Technology and Reproduction

Technology and Representation

The tension between metaphoric and metonymic modes of knowledge (humanist vs. scientific, linguistic vs. iconographic, similitude vs. resemblance) persists across centuries. The ultimate conclusion of these recurrent debates is usually to declare these modes “separate but equal.” However, the impasse seldom stands—separate cannot be equal— neglect or atrophy of either mode results in aphasia. Accounts of the construction of knowledge are always linguistic in nature, subsuming the visual underneath an avalanche of commentary that reasserts the power of the word.

In “Facts of Fragments? Visual Histories in the age of mechanical reproduction” (Art History 25:4 September 2002), Dana Arnold paints an alternative view of the proliferation of knowledge in the eighteenth century:

By the opening years of the eighteenth century the proliferation of the printed image ran ahead of the increased production of the printed word. The printed image became an essential component of the international currency of intellectual ideas that transcended spoken language boundaries. These images facilitated the transference of ideas about architecture, antiquity and aesthetics in the pan-European arena of artistic and scholarly exchange. There is no doubt that prints were essential to the formulation of a visual repertoire of studies of antique art, architecture and artifacts. (450)

By the end of the eighteenth century, few artists in England (including William Blake) had really seen much in the way of classical or continental art except through mechanical reproductions—sometimes finely executed engravings, more often, inexpensive and shoddy woodcuts. However, even lacking the “aura” of an original work, these reproductions had a profound impact on the way that artists and the public perceived art. Neoclassicism was largely founded on mechanical copies, copies that held great currency when dispersed largely without intelligible textual description. The explosion of “print culture” meant much more than the proliferation of the book.

The technology of text and image was separate until the mid-eighteenth century. Engravings and woodblocks were printed on separate presses; engravings were sometimes hand-colored (often by women) after printing. Books were sometimes sold unbound, requiring yet another artisan to connect them together. The production of illustrated books was rare until after mid-century, and likely fueled by the collectors market for prints. Printed images achieved a sort of fetish status, and created an increasing level of personal attachment:

Prints empowered the purchaser as well as the printseller. Examining prints in one’s own parlor was not the same as looking at them in an exhibition or in a country house. A humble collector could hang, sort and annotate them at his pleasure. He could arrange them historically, or according to artist, subject matter, or genre. Aristocratic connoisseurs had expressed their taste and judgment through such arrangements and in the way they talked about the prints. Now this was possible for much humbler collectors. Addison may have felt that the “charms” of looking were as great as the “pleasures” of “possession,” but possession enabled the owner to put his mark on prints, not only literally (there was a long tradition of print collectors identifying “their” prints by adding a cipher or symbol) but by placing them in a context which shaped their interpretation. The growing popularity of “graingerizing,” of interleaving books with prints, is one sign of how engravings enabled their purchasers as well as producers to shape culture. (John Brewer, The Pleasures of the Imagination 461)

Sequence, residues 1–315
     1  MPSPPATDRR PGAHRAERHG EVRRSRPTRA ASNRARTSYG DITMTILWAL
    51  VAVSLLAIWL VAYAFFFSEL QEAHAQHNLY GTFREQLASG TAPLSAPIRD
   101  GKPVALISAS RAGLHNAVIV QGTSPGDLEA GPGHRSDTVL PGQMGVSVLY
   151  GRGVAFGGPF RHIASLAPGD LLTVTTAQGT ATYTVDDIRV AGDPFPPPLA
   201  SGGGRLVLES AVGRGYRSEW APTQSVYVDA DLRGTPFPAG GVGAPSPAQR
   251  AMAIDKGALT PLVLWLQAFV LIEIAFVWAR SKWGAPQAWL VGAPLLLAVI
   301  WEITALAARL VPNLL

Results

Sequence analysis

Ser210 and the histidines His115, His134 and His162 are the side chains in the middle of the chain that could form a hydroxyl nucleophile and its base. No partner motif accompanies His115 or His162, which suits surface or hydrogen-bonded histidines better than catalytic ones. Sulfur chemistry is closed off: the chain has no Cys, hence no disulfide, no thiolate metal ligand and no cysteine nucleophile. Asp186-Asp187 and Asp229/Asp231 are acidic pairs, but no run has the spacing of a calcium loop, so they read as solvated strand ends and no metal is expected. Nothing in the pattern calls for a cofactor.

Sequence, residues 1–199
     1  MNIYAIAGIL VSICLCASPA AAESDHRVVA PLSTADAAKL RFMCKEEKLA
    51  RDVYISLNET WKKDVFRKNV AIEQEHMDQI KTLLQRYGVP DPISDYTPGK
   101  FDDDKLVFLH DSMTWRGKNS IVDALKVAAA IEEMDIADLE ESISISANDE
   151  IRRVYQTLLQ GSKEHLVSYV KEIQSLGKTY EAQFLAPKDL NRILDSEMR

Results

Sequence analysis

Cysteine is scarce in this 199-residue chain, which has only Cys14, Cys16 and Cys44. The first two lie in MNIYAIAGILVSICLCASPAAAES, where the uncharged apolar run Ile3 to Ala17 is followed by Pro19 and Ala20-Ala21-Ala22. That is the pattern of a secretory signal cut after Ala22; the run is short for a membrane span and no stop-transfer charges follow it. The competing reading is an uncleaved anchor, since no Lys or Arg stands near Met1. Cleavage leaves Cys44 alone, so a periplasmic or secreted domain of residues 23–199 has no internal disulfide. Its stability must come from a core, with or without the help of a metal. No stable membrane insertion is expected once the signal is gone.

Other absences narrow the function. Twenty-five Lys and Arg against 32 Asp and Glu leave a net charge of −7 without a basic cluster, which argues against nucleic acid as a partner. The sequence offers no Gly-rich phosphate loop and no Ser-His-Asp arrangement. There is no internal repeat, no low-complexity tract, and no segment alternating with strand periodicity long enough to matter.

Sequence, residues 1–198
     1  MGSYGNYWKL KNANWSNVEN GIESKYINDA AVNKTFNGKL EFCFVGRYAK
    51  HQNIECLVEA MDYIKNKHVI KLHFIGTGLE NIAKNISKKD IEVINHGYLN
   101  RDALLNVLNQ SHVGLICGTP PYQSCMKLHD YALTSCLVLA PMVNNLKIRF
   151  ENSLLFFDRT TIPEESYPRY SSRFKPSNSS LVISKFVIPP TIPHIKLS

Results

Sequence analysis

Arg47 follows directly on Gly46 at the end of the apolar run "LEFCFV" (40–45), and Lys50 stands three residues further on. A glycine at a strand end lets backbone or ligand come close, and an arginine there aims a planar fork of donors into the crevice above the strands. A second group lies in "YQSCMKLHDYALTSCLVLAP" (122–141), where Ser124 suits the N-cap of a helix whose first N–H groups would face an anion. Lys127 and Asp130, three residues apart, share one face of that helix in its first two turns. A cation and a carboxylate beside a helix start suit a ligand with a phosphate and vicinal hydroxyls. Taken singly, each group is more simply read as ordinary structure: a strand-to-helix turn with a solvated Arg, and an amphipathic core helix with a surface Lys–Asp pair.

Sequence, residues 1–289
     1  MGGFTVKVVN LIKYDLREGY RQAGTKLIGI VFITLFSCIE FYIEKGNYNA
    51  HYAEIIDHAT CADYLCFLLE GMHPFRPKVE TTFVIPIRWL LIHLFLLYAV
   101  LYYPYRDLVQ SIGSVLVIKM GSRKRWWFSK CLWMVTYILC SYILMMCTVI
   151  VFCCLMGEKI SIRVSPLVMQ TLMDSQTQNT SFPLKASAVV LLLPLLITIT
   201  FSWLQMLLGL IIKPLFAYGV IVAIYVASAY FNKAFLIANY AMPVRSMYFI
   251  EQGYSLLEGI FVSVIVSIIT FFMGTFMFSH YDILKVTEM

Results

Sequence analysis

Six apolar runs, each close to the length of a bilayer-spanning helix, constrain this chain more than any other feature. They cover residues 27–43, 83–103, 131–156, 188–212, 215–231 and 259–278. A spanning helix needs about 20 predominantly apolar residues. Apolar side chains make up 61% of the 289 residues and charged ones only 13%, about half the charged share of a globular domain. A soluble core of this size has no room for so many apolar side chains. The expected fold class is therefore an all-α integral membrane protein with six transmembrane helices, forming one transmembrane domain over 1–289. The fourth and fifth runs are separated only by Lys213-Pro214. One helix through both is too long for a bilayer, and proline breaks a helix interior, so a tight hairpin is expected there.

In a real sense, the public created the expansion in illustrated books by the conflation of image and text—a desire answered by publishers with expanded illustration. But the collection and cultivation of artistic images was also matched by an expansion in the production of likenesses of an entirely personal and private, rather than public and social, nature.

The early eighteenth century also saw the explosive development of the “shade” or silhouette. Even the lower classes could afford to have their likeness, reduced through the aid of a pantograph, cut into paper. As the century progressed, miniature painting blossomed. The ability to possess an image of oneself, or of a loved-one, became an increasingly profitable market; technology answered the siren call of economics.

Technology was particularly well accepted in Jeffersonian America, where small silhouettes were thought to be less ostentatious than a full oil portrait. A machine invented in France called the physiognotrace, a machine employed to directly engrave silhouettes on a copper printing plate, was incredibly popular fifty years before the daguerreotype. But in academic art, the intrusion of intermediary technologies such as the camera obscura was treated almost like a dirty secret. Joshua Reynolds, head of the Royal Academy, had his disguised to look like a book. However, the increasing demands of accuracy brought about by naturalism resulted in a proliferation of aids for reproduction.

The eighteenth century provoked the rise of an art “industry” freed from the bonds of patronage. Rules, in keeping with the spirit of the enlightenment, were formulated and systematically inscribed in language, perhaps to keep them safe from popular corruption. The reproduction of art had a deep impact on the art of reproduction. It is certainly open to debate if art’s aura was quenched or inflamed by the proliferation of reproductive industries in the eighteenth century.